Difference between Freshwater and Cultured Pearls

If you ever tried to purchase pearl jewelry, you surely noticed how high priced everything is. Did you ever wonder why that is? Do you know that there are various types of pearls and that their origin dictates the price? This article will point out the main differences between freshwater pearls and cultured pearls.


Freshwater Pearls vs Cultured Pearls

Freshwater pearls are formed inside mollusks known as bivalves. These creatures can open at will in the hopes of food landing in. During this time, irritants may enter and scratch the inside surface of the clam. This irritant can be a speck of dirt, sand, a tiny parasite or any other small organism floating in the water. Since the mollusk cannot eject the irritant, it surrounds it with a substance called nacre. This is also the material coating the inside of the mollusk’s shell. Then, for a long period of time, it lays layer upon layer of nacre on the irritant, forming the pearl.

No two mollusks are the same. This means that the secreted substance differs in luster, color and ability to produce nacre and cover the irritant. Freshwater pearls are usually produced inside mussels. However, this is not something that happens very often. Pearls are rare, hence the high price.

Cultured pearls are pearls grown inside of mollusks from the intervention of man. The pearl is created by taking advantage of the mollusk’s natural defense mechanism; an irritant is deliberately placed inside the shell in order for the mollusk to start covering it with layers of nacre. To make the process even more efficient, beads are used so that the resulting pearl has the right shape.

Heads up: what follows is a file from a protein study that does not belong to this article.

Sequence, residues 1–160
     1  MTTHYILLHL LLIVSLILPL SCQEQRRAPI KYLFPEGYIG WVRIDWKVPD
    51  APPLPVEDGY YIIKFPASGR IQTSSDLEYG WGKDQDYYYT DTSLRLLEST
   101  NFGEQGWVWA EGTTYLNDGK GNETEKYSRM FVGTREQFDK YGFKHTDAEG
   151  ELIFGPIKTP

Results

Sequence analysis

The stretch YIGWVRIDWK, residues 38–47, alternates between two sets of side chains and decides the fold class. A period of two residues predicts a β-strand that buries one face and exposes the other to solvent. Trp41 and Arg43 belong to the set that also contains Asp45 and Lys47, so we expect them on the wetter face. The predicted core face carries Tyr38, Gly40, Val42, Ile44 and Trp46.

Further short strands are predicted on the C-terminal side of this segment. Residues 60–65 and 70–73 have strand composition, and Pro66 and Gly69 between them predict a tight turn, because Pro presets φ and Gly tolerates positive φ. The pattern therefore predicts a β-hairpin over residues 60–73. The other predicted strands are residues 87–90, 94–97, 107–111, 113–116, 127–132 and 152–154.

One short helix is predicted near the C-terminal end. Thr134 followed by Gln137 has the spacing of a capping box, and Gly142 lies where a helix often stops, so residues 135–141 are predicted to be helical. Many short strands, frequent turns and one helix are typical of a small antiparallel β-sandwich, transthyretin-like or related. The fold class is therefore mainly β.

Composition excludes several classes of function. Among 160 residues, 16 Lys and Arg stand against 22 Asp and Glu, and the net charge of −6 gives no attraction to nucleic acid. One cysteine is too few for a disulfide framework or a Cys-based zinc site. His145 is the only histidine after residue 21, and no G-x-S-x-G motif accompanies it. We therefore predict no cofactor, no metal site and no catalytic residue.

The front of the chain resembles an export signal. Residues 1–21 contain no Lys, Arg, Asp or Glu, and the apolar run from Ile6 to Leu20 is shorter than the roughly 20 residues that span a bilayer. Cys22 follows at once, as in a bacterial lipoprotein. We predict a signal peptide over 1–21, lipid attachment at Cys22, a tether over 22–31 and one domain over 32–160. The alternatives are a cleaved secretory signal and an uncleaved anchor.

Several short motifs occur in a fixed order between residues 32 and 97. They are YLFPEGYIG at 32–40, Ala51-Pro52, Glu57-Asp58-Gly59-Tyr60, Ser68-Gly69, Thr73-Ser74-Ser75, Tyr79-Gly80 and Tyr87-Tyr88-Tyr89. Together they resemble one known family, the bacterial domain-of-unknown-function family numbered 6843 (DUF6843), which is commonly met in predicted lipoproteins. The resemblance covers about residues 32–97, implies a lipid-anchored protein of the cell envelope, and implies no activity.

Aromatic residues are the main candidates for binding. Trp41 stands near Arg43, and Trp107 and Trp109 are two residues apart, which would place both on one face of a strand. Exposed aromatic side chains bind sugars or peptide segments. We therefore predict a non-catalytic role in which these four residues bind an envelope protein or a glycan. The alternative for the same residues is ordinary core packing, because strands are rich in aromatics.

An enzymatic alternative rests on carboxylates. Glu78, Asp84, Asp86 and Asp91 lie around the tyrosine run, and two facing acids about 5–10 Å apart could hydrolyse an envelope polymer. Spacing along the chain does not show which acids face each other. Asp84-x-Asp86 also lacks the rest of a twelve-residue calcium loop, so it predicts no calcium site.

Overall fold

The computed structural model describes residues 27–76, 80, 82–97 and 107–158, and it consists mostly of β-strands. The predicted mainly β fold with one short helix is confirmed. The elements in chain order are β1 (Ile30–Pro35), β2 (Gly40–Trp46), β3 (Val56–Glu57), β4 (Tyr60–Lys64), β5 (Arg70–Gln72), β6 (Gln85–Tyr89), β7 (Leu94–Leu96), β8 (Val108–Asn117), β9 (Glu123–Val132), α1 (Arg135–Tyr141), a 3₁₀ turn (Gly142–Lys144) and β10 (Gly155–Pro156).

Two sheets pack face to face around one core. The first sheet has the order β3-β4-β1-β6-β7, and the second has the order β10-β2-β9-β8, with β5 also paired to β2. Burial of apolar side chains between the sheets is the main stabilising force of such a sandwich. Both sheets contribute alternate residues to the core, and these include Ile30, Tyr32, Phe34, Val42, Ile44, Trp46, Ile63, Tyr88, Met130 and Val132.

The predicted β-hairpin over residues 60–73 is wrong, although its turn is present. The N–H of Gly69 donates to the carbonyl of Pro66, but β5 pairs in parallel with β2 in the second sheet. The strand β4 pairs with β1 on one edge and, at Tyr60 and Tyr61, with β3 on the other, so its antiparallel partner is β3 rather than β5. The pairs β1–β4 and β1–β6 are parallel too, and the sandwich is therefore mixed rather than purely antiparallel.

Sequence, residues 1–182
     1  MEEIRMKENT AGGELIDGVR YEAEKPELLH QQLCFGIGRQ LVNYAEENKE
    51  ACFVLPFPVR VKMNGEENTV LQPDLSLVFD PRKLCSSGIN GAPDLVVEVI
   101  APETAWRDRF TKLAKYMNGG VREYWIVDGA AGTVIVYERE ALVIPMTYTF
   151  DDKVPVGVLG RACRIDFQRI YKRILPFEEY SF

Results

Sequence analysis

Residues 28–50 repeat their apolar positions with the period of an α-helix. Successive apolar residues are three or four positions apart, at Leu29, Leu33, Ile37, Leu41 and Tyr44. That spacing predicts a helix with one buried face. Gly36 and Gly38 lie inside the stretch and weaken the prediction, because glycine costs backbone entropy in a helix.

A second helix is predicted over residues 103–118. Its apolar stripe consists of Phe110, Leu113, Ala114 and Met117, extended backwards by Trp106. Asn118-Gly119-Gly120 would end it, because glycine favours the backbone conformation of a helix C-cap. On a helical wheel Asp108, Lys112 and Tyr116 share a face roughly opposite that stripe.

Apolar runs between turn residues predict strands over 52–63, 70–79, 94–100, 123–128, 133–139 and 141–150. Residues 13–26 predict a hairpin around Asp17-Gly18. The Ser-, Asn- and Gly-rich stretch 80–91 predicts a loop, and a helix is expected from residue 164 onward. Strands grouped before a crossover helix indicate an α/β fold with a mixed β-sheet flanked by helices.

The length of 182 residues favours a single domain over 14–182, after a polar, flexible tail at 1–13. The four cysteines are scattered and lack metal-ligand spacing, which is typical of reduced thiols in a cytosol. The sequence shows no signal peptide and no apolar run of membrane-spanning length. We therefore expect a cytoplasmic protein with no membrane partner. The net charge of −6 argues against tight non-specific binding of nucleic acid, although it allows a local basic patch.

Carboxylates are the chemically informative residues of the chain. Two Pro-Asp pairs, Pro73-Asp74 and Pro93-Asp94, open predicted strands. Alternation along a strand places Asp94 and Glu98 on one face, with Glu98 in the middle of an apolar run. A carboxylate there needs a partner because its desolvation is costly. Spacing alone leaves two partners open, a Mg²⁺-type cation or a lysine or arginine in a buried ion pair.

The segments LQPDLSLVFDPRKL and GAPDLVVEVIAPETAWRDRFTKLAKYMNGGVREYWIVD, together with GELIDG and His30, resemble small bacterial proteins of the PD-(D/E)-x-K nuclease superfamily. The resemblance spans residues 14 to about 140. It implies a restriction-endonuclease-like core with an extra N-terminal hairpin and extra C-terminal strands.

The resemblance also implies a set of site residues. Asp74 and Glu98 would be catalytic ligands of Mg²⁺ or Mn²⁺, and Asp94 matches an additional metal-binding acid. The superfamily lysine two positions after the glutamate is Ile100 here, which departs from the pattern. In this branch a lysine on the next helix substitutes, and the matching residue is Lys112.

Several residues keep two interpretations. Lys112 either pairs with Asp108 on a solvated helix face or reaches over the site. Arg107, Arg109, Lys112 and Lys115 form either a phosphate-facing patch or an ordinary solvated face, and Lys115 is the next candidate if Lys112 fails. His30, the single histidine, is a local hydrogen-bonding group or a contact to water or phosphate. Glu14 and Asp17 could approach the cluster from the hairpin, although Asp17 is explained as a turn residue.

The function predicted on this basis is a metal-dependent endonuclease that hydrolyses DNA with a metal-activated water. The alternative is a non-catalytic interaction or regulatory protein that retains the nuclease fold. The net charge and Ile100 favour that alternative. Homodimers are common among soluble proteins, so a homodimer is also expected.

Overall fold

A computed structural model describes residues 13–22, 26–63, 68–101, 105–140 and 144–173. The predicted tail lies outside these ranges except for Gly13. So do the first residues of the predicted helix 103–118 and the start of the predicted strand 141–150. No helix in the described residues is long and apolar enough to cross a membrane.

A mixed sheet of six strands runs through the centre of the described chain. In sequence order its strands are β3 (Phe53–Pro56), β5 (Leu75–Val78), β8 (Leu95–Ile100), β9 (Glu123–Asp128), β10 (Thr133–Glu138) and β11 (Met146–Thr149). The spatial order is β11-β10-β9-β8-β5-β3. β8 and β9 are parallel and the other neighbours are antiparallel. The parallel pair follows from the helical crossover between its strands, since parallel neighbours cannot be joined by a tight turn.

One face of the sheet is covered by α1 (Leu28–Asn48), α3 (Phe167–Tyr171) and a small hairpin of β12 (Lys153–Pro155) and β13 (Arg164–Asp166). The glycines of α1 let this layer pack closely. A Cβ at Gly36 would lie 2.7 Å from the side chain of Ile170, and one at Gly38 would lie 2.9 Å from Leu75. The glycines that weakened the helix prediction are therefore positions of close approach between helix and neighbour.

Freshwater Pearls vs Cultured Pearls

So what is the difference between freshwater pearls and cultured pearls?

The main difference between freshwater pearls and cultured pearls lies with the intentional placing of an irritant inside the shell of the mollusk. In nature, an irritant floats into a mollusk by accident, thus leading to the creation of very few pearls. When it comes to cultured pearls, since there is an industry in need of a resource, the process is forced by placing the irritant and kick starting the nacre layering process.

Even so, both freshwater pearls as well as culture pearls take time to be created. This process can last for up to seven years and still depends on the type of nacre the mollusk has.

Freshwater pearls can have different forms according to the shape of the irritant and the way in which the layers are naturally placed. This means that the same mollusk can produce pearls that look different. Cultured pearls, on the other hand, are beads with layers of nacre, which gives them a rounder shape from the start.

As expected, freshwater pearls are more expensive than cultured pearls.

Comparison Chart

Freshwater Pearls Cultured Pearls
Grow naturally inside a mollusk when an irritant lies on the inner surface of the clam and is then covered by layers of nacre Are made to grow inside a mollusk when an irritant is intentionally placed on the inner surface of the clam and then covered by layers of nacre
Take time to form Take time to form
Can have irregular forms Usually are round because beads are used to make sure that they all look the same
Are more expensive because they are very rare Are less expensive than freshwater pearls, but still very expensive because they take time to grow